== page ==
Rivals attack Romney in South Carolina debate

MYRTLE BEACH, S.C. (AP) - Under heavy debate pressure from his
rivals, Republican presidential front-runner Mitt Romney defended
his record as a venture capitalist, insisted he bears no
responsibility for attack ads aired by his allies and grudgingly
said in campaign debate Monday night he might release his income
tax returns this spring.
"I have nothing in them that suggests there's any problem and
I'm happy to do so," he said. "I sort of feel like we're showing
a lot of exposure at this point," he added.
Romney came under criticism from Newt Gingrich, Rick Perry and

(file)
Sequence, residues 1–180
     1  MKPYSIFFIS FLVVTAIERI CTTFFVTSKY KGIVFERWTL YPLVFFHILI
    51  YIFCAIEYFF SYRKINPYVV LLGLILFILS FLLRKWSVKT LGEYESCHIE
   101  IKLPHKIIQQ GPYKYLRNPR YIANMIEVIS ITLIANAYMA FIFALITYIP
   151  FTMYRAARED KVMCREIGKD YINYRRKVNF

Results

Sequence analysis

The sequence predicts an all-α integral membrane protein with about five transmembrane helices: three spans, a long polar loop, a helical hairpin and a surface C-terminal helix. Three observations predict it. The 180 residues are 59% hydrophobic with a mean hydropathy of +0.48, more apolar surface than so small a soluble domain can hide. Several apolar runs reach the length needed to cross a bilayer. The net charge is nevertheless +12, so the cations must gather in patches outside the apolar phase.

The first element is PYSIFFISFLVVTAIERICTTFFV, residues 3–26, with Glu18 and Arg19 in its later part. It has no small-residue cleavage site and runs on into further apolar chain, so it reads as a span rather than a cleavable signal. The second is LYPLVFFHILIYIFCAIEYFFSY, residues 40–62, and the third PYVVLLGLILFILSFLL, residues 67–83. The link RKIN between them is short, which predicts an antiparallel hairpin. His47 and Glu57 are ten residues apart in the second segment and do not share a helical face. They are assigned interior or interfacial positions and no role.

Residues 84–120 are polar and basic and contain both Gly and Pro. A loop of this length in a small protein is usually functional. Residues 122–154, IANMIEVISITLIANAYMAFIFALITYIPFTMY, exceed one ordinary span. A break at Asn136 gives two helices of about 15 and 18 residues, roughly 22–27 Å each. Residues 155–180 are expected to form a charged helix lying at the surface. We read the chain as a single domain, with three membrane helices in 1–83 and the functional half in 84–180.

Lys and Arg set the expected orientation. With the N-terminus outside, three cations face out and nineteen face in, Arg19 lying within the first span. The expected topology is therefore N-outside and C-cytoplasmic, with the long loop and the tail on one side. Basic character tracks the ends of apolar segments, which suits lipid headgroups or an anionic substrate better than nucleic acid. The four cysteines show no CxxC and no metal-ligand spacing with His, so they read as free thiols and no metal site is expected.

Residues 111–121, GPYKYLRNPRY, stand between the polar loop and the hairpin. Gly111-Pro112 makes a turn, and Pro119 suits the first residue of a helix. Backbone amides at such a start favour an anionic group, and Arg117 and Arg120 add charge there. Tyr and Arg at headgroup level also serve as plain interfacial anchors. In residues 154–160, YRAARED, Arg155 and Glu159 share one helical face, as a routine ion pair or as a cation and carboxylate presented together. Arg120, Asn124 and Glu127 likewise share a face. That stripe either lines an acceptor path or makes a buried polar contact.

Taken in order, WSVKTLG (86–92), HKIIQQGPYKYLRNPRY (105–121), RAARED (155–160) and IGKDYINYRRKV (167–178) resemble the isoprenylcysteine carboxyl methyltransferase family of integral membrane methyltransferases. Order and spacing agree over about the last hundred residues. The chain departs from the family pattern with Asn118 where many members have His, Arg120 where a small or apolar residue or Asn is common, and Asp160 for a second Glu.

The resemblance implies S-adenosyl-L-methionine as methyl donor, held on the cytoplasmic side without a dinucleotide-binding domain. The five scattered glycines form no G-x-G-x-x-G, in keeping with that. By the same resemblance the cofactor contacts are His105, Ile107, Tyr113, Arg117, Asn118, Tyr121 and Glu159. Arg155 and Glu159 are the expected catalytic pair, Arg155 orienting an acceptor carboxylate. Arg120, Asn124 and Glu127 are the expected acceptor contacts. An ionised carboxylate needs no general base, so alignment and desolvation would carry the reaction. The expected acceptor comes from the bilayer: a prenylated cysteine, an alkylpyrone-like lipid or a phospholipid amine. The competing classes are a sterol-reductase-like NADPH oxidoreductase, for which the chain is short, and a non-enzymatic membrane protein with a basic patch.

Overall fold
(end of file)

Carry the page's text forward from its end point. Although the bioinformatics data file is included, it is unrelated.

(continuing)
Rick Santorum across two hours in the first of a pair of debates in
the run-up to this weekend's first-in-the-South primary in South
Carolina. The former Massachusetts governor won the first two
events of the campaign, the Iowa caucuses and last week's New
Hampshire primary, leads in the pre-primary polls in South Carolina
and won an endorsement from campaign dropout Jon Huntsman earlier
in the day.
Gingrich has virtually conceded that a victory for Romney in
South Carolina would assure his nomination as Democratic President
Barack Obama's Republican rival in the fall, and none of the other
remaining contenders has challenged that conclusion.
That only elevated the stakes for Monday night's debate, feisty
from the outset as former House Speaker Gingrich, Texas Gov. Perry
and former Pennsylvania Sen. Rick Santorum sought to knock Romney
off stride while generally being careful to wrap their criticism in
anti-Obama rhetoric.